The first thing a potential employer sees in your job application is the cover letter. This doesn't just support your CV – it's an opportunity for you to stand out from the crowd and persuade the recruiter to put you through to the next round.
Be wary of spending hours on perfecting your CV at the expense of your cover letter. If you need some inspiration on what to include and what format to use, here are our helpful guides – just remember not to copy them as exact templates.
1. Standard, conservative style
This is ideal for sectors such as business, law, accountancy and retail. For more creative sectors, a letter like this might be less appealing, and could work against you.
Dear Mr Black,
Please find enclosed my CV in application for the post advertised in the Guardian on 30 November.
The nature of my degree course has prepared me for this position. It involved a great deal of independent research, requiring initiative, self-motivation and a wide range of skills. For one course, [insert course], an understanding of the [insert sector] industry was essential. I found this subject very stimulating.
I am a fast and accurate writer, with a keen eye for detail and I should be very grateful for the opportunity to progress to market reporting. I am able to take on the responsibility of this position immediately, and have the enthusiasm and determination to ensure that I make a success of it.
Thank you for taking the time to consider this application and I look forward to hearing from you in the near future.
2. Standard speculative letter
This may vary according to the nature of the organisation and the industry you're applying to.
Dear Mr Brown,
I am writing to enquire if you have any vacancies in your company. I enclose my CV for your information.
As you can see, I have had extensive vacation work experience in office environments, the retail sector and service industries, giving me varied skills and the ability to work with many different types of people. I believe I could fit easily into your team.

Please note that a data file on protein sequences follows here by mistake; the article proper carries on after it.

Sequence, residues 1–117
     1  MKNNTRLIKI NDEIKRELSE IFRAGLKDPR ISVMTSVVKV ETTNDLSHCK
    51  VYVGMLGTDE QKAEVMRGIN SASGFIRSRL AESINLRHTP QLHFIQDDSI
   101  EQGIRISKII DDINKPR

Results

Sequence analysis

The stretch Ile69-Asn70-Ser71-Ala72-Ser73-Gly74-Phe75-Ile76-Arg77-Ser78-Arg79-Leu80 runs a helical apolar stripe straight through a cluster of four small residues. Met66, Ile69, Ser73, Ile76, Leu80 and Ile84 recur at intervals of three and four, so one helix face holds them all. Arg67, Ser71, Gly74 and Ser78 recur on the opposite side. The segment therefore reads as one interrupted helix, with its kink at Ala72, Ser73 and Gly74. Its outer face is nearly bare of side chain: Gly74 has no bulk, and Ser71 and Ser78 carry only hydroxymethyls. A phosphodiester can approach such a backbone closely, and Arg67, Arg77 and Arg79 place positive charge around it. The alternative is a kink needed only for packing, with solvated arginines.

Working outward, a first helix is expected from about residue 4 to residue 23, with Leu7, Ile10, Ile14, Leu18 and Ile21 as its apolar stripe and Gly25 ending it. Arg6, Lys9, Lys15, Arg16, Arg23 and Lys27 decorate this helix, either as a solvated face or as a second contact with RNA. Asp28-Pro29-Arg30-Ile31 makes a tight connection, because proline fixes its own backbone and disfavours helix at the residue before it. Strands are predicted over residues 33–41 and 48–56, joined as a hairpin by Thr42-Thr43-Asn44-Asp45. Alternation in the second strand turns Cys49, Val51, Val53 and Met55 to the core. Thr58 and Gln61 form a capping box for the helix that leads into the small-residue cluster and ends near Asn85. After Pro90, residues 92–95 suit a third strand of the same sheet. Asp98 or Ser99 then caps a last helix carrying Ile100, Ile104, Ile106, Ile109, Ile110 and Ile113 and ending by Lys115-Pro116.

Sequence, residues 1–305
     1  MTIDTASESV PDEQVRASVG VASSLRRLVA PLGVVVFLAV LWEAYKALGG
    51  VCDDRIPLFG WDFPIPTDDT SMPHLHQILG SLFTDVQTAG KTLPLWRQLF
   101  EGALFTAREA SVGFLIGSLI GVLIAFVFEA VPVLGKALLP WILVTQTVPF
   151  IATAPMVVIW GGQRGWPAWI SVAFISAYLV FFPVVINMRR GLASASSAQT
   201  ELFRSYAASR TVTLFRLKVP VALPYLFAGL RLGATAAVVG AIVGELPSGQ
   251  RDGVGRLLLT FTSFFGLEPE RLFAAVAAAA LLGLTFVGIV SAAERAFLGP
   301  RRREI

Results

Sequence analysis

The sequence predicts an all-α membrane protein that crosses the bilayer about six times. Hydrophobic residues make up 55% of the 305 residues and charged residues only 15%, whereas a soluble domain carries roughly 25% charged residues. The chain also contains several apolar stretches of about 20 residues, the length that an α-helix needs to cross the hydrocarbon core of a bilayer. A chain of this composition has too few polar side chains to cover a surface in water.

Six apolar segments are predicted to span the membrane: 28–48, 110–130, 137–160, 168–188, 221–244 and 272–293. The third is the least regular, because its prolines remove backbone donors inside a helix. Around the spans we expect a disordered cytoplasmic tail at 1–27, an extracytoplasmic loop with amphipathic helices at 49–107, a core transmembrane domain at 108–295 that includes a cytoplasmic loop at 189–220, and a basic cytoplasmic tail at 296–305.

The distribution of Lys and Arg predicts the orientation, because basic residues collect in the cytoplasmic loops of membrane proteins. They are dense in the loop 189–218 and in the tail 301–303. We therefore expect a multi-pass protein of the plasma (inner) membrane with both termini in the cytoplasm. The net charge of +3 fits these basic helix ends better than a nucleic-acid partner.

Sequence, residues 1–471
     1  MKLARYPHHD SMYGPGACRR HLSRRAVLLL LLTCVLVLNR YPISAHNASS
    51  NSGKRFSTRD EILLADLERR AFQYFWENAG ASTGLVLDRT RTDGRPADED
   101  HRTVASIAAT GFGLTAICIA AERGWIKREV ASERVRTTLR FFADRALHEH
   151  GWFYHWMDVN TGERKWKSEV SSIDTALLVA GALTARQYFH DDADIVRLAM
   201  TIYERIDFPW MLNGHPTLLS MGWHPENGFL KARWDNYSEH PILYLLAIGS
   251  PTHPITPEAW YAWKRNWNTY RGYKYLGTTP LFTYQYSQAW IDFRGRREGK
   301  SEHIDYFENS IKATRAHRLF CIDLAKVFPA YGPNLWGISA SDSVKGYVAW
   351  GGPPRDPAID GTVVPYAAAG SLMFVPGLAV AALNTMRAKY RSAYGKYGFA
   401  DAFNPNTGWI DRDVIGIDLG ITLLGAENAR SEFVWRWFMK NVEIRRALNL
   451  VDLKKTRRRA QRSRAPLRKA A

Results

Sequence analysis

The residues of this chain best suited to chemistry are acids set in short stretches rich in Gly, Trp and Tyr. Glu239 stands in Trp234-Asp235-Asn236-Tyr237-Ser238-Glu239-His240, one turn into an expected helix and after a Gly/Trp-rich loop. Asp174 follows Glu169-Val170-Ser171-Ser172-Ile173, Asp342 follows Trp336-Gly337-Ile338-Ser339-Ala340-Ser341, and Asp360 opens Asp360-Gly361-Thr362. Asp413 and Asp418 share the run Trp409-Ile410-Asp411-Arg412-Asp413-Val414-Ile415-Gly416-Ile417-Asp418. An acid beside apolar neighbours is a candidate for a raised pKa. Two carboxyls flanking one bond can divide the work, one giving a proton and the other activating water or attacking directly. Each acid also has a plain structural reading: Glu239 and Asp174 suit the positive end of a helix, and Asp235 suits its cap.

I am a conscientious person who works hard and pays attention to detail. I'm flexible, quick to pick up new skills and eager to learn from others. I also have lots of ideas and enthusiasm. I'm keen to work for a company with a great reputation and high profile like [insert company name].
I have excellent references and would be delighted to discuss any possible vacancy with you at your convenience. In case you do not have any suitable openings at the moment, I would be grateful if you would keep my CV on file for any future possibilities.
3. Letter for creative jobs
We've used the example of a copywriter but you can adapt it for your profession. The aim of a creative letter is to be original and show you have imagination, but understand what the job entails. Balance is essential: don't be too wacky, or it will turn off the reader.
Dear Ms Green,
· Confused by commas?
· Puzzled by parenthesis?
· Stumped by spelling?
· Perturbed by punctuation?
· Annoyed at the apostrophe? (And alliteration?)
Well, you're not alone. It seems that fewer and fewer people can write. Unfortunately, there are still a lot of people who can read. So they'll spot a gaffe from a mile off. And that means it's a false economy, unless you're 100% sure of yourself, to write your own materials. (Or to let clients do it for themselves.)
To have materials properly copywritten is, when one considers the whole process of publishing materials and the impact that the client wishes to make, a minor expense. Sloppiness loses clients, loses customers.
There is an answer. Me. Firm quotes are free. You can see some of what I do on my multilingual website at [insert web address]. If you'd like, I can get some samples out to you within 24 hours. And, if you use me, you'll have some sort of guarantee that you can sleep soundly as those tens of thousands of copies are rolling off the presses.
Luck shouldn't come into it!
With kindest regards
Other helpful resources
•How to write a perfect CV and cover letter
•Applying for jobs without experience? How to build and sell your skills
•Five steps to the perfect graduate CV
•School-leavers and graduates: how to write your first CV
•How to write a personal statement for your CV
•CV templates to fit every stage of your career
Looking for a job? Browse Guardian Jobs or sign up to Guardian Careers for the latest job vacancies and career advice
Email Cover Letter Sample and Tips
Writing a hard copy cover letter is becoming less of the norm these days. This is because, more than ever, people are sending job application materials through job websites or via email. This includes submitting resumes and cover letters online.
When asked to submit your job materials (such as your resume and any other related documents) as an email attachment, the email itself acts as your cover letter.
See below for an example of an email cover letter, and tips for how to write it and what to include your message. Here are some tips on how to write and send a quality email cover letter.